Tensions on the India-China border: The defense minister has uncovered major movements by Chinese troops

Tensions on the India-China border: The defense minister has uncovered major movements by Chinese troops

Speaking to CNN’s NewsN branch18, Indian Defense Minister Rajnath Singh said on Tuesday that a “significant number” of Chinese troops had moved to the line of actual control (LAC) between the two countries.

“It is true that the people of China are on the border. They claim that it is their territory. Our claim is that it is our territory. There has been disagreement about that … India has done what needs to be done.” Singh said during the interview.

“We do not want any country to bow before us and we will not bow before any country,” Singh added.

India and China share one of the world’s longest land borders. The two countries participated in the bloody border war in the Himalayas in 1962, and tensions continued sporadically over the decades.

Last month, an aggressive cross-border altercation between Chinese and Indian forces resulted in minor troop injuries. The incident has been followed in recent weeks by unconfirmed reports of tensions in the mountainous area, although neither side has publicly admitted anything unusual.

On June 1, Chinese Foreign Ministry spokesman Zhao Lijian told a news conference that the situation at the border “stable and under control.”

“The two sides can resolve related issues through established border-related mechanisms and diplomatic channels,” he said.

Zhao’s comments came a day after the nationalist Chinese state tabloid Global Times published an article reviewing a number of new military weapons that could be deployed on “conflicts at height”, such as the Himalayan border.

“Chinese border defense troops have stepped up border control measures and taken the necessary steps in response to the recent illegal construction of Indian defense facilities across the border into Chinese territory in the Galwan Valley region in May,” the article reads.

Real control

In 1993, after years of territorial confrontation and negotiations, China and India finally signed an agreement trying to mark a long period of borders between the two countries.

This boundary is also known as line of actual control, but its precise position may be obscured, and there is still a dispute between China and India as to where one country ends and another begins.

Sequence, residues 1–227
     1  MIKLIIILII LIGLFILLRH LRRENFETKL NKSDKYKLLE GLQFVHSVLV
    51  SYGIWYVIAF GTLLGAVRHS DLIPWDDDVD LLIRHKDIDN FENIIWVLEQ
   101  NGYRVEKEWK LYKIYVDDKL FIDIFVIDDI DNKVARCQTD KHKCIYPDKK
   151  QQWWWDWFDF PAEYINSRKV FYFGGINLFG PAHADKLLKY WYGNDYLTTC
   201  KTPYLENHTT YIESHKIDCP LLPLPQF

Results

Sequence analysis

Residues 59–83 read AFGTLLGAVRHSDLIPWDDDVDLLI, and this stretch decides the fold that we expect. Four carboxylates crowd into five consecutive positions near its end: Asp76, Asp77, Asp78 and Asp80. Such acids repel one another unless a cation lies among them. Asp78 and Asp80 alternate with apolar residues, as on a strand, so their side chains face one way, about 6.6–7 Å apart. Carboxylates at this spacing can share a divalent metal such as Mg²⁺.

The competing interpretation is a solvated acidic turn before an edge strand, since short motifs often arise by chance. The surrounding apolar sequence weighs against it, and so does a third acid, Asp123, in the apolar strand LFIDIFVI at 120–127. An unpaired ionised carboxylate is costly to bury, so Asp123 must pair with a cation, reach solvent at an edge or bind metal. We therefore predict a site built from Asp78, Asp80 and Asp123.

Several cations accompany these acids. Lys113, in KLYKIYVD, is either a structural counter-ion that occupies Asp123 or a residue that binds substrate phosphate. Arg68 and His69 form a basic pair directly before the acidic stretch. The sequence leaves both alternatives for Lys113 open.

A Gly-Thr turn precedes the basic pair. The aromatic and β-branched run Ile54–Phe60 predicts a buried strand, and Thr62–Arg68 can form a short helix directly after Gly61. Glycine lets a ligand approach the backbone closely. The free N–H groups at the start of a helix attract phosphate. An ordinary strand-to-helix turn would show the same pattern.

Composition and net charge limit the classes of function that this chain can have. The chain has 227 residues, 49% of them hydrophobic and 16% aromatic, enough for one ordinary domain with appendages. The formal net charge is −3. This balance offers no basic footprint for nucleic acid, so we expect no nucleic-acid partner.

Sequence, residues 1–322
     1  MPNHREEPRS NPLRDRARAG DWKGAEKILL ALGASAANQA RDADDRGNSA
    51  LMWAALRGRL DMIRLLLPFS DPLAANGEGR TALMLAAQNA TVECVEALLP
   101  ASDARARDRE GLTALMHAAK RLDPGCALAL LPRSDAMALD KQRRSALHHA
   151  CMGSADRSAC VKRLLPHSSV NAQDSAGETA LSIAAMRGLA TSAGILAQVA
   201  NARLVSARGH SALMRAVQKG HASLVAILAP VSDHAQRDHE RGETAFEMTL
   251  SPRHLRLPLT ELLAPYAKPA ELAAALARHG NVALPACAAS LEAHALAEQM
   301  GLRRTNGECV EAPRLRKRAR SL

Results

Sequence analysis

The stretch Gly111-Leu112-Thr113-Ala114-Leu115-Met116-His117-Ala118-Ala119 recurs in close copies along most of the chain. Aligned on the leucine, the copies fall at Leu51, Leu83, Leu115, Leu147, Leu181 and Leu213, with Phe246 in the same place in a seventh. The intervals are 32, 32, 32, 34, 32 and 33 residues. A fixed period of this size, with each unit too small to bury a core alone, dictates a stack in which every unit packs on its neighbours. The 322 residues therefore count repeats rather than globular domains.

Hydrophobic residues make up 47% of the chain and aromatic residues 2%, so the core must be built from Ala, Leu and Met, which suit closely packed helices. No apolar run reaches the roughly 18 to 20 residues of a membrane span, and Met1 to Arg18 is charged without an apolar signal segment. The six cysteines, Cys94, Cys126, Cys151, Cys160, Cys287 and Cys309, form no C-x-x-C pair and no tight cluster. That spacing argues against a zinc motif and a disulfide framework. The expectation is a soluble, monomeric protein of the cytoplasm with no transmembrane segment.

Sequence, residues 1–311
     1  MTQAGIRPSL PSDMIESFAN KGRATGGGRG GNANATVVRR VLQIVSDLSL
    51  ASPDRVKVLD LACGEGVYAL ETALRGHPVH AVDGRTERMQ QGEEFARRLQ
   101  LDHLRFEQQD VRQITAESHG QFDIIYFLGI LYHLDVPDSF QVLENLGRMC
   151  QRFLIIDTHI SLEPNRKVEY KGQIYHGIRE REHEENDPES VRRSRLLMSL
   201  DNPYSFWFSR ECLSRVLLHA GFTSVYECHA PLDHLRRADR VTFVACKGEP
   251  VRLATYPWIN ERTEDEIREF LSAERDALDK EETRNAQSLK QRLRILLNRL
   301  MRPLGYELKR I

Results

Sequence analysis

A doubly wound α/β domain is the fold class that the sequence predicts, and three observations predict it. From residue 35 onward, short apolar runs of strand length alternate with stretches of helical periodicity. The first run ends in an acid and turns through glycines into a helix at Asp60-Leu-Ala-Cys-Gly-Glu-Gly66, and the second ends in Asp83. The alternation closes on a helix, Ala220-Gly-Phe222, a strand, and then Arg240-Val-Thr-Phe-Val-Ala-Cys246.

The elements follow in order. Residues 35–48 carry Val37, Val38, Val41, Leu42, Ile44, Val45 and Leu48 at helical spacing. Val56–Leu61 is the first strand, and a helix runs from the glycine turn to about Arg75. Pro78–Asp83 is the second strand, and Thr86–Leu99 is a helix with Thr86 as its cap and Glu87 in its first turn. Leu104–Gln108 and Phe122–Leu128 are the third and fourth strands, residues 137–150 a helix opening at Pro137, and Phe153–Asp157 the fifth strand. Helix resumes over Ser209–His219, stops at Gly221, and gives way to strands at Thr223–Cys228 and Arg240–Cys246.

Former Indian Foreign Minister Nirupama Rao said on his official Twitter account that Delhi and Beijing cannot even agree on the length of the border between the two countries.

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“India’s border in China is 3,488 kilometers long (2,167 miles) … In the Chinese definition, the India-China border is about 2,000 kilometers long,” she said.

Chinese state media also covered the issue.

“There are no lines of actual control along the Sino-Indian border that both sides recognize,” the Global Times said in a May 25 article.

The last increase in tensions at the border was in 2017, when troops massaged around and on the disputed Doklam plateau, a thin a strip of land on the triple between India, China and BhutanAlthough not part of Indian territory, the area is close to the “chicken neck”, a strategic corridor that serves as a vital artery between Delhi and its extreme northeastern states.
Bhutan has accused China of building a road within its territory, which Beijing has denied. India then stepped in to support Bhutan’s claims, leading to months of crisis, which included the People’s Liberation Army live fire exercises at the border.
Chinese and Indian soldiers engage in aggressive & # 39; cross-border dispute

American voices support India

On May 29, U.S. Secretary of State Mike Pompeo plunged into a territorial saga, expressing concern over a border dispute on a podcast.

“The Communist Party of China – the nature of the activities they are undertaking … Even today, increasing Chinese forces have moved towards northern India on the line of actual control there on the Indian border,” Pompeo said. “These are the kinds of actions that authoritarian regimes take and have real impact.”

Meanwhile, US President Donald Trump said last month that the US would be ready to mediate or arbitrate border disputes between India and China.

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“We have informed both India and China that the United States is ready, willing and able to mediate or arbitrate their now fierce border dispute. Thank you!” he tweeted.

Relations between the US and China deteriorated rapidly during the coronavirus pandemic and as Beijing tried to consolidate its semi-autonomous city of Hong Kong.

The Chinese Foreign Ministry responded that no “third party” intervention was needed on the border with India. But U.S. officials continued to talk about the situation.

On June 1, Eliot Engel, chairman of the U.S. House Foreign Affairs Committee, said they were “extremely concerned” about Chinese troop movements along the line of actual control.

“China once again shows that it is ready to harass its neighbors and not resolve conflicts in accordance with international law,” he said in a statement.

“I strongly urge China to respect the norms and use diplomacy and existing mechanisms to resolve its border issues with India.”

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